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Equity (British trade union)

From Wikipedia, the free encyclopedia

Equity
2018 Equity Master Logo Core Purple on White.svg
Founded1930 (1930)
HeadquartersGuild House, St Martin's Lane, London, England, WC2H 9EG
Members
48,176 (2019)[1]
Key people
Affiliations
Websitewww.equity.org.uk

Equity, formerly officially titled the British Actors' Equity Association, is the trade union for actors, singers, models, performers, directors, choreographers, designers, stage managers, and other creative workers in the United Kingdom. It was formed by a group of West End performers in 1930 and incorporated the Variety Artistes' Federation in 1967. As of 2017, it has approximately 43,555 members.[2]

Equity was one of the last of the closed shop trade unions in the UK. This was criticised in 1981 and made illegal in 1988, resulting in it no longer being a requirement that an entertainment professional be a member of Equity; however, to join Equity in the present day, evidence of sufficient paid professional work must still be provided.[3][4][5] Equity requires its members to have unique professional names to avoid confusion with other performers.[6]

History

Equity was created in 1930 by a group of West End performers, including Godfrey Tearle, May Whitty and Ben Webster. They were advised by Robert Young, the "Actors' MP".[7] Like many other British trade unions, Equity operated a closed shop policy, so it was not possible for someone to join unless they had a record of sufficient paid work and most jobs were reserved for Equity card holders. To allow new members to join, there was a limited number of non-card holding jobs on regional productions. Whilst working on these productions, actors held a provisional membership card, and could apply for full membership on completing the requisite number of weeks, subsequently allowing them to work in the West End or on film and television.[8]

As a result of reforms of trade unions by Margaret Thatcher's Conservative government and the introduction of European legislation, closed shop unions became illegal in the UK and Equity discontinued their closed shop policy in the 1980s. However, to join Equity in the present day, evidence of sufficient paid professional work must still be provided.[9] In 1976, Equity introduced a policy of refusing to sell programmes to the SABC, an action that led to a virtual ban of British television in apartheid-era South Africa.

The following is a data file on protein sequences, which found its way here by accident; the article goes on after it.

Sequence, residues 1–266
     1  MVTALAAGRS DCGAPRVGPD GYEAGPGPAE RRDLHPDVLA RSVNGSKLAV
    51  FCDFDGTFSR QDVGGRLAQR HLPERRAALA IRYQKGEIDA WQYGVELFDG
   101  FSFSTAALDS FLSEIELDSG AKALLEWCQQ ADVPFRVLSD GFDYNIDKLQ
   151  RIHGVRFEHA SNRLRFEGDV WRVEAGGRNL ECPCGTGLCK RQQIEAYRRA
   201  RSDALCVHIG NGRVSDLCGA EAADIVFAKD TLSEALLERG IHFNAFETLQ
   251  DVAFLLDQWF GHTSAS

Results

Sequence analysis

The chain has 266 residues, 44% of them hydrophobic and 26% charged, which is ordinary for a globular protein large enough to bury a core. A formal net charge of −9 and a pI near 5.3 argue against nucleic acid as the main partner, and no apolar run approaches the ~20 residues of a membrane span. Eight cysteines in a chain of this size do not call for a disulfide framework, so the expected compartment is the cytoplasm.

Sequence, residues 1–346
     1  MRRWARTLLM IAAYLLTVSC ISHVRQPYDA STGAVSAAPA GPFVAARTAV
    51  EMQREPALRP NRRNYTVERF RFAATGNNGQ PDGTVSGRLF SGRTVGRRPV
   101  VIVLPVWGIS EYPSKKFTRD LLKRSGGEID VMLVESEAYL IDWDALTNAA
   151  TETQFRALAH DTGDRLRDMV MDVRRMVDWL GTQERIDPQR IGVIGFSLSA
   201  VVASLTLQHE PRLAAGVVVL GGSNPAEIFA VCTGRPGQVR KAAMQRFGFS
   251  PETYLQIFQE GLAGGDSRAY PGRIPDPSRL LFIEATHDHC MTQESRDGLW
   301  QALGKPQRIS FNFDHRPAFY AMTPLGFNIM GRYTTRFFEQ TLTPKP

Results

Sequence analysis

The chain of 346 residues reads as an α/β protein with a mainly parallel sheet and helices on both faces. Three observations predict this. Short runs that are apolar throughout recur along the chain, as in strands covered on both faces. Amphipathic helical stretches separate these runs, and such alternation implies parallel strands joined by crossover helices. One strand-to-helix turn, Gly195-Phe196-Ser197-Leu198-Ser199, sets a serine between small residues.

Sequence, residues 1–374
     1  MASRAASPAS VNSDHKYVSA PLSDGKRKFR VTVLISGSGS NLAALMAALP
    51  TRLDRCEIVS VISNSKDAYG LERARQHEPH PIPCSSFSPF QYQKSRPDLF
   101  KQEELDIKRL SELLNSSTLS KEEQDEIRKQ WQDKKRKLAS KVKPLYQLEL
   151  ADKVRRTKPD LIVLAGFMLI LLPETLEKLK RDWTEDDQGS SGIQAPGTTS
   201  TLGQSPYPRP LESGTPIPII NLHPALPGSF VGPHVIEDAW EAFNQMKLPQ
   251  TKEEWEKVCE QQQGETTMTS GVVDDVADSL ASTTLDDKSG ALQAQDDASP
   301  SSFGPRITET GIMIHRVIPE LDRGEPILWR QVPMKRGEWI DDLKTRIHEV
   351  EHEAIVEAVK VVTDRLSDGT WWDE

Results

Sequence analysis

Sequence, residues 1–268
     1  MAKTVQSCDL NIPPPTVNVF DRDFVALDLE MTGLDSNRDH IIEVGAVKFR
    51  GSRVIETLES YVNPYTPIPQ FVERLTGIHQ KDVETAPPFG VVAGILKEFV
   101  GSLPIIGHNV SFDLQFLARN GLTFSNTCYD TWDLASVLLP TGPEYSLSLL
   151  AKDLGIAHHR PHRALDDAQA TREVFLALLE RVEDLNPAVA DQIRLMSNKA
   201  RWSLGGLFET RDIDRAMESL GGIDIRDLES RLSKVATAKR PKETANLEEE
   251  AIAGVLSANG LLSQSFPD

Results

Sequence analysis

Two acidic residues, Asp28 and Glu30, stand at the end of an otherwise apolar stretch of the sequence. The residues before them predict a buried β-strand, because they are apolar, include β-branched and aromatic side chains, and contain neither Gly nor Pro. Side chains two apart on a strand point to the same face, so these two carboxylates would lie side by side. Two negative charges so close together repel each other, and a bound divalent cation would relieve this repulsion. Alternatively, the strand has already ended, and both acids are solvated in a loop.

The Clarence Derwent Awards are theatre awards given annually by Equity on Broadway in the U.S. and Equity UK in London's West End.

Presidents

The Equity building in London
The Equity building in London

General Secretaries

See also

References

  1. ^ "Equity: annual returns (PDF format)" (PDF). GOV.UK.
  2. ^ Equity (Incorporating the Variety Artistes' Federation): annual returns. UK Certification Officer.
  3. ^ Barnett, Laura (15 September 2010). "Equity boss Malcolm Sinclair answers your questions". The Guardian. London. Theatre Blog. Retrieved 29 June 2013.
  4. ^ "Equity in the 21st Century". Nerve (2). Summer 2003. Archived from the original on 5 September 2012. Retrieved 29 June 2013.
  5. ^ "More union trouble for Hurley". BBC News. 20 October 2000. Retrieved 29 June 2013.
  6. ^ "Equity – Equity Name". Equity. Retrieved 2 July 2018.
  7. ^ Cochrane, Claire (2011). Twentieth-Century British Theatre : Industry, Art and Empire. Cambridge: Cambridge University Press. pp. 78–79. ISBN 9780521464888.
  8. ^ Simkins, Michael (2003). What's My Motivation?. London: Ebury Press. pp. 69–70. ISBN 0091892295.
  9. ^ "How can I join?". Equity. Retrieved 29 June 2013.
  10. ^ a b c d e f g h i j k l m n o p q r s t u v "Equity history". Equity. 30 March 2011. Retrieved 29 June 2013.
  11. ^ a b Smith, Alistair (22 July 2008). "Hamilton elected Equity president". The Stage. London. Retrieved 29 June 2013.
  12. ^ Hemley, Matthew (15 July 2010). "Malcolm Sinclair becomes Equity president". The Stage. London. Retrieved 29 June 2013.
  13. ^ "Malcolm Sinclair re-elected President". Equity. 11 July 2012. Retrieved 29 June 2013.
  14. ^ "Council: Equity Council 2012 – 2014". Equity. Retrieved 29 June 2013.
  15. ^ "Actor Maureen Beattie becomes second female president in Equity's history | News | The Stage". The Stage. 1 May 2018. Retrieved 7 August 2018.
  16. ^ "Equity – Equity announces first female President since 1946". www.equity.org.uk. Retrieved 7 August 2018.
  17. ^ "Alfred M. Wall". The Stage (2989). 12 May 1938. p. 1.
  18. ^ "Branch AGM – West of England Variety Branch". Events during March 2013. Equity. 30 March 2013. Retrieved 29 June 2013.
  19. ^ "Equity - Equity elects new General Secretary". www.equity.org.uk. Retrieved 16 October 2020.

Further reading

External links

This page was last edited on 20 June 2021, at 20:53
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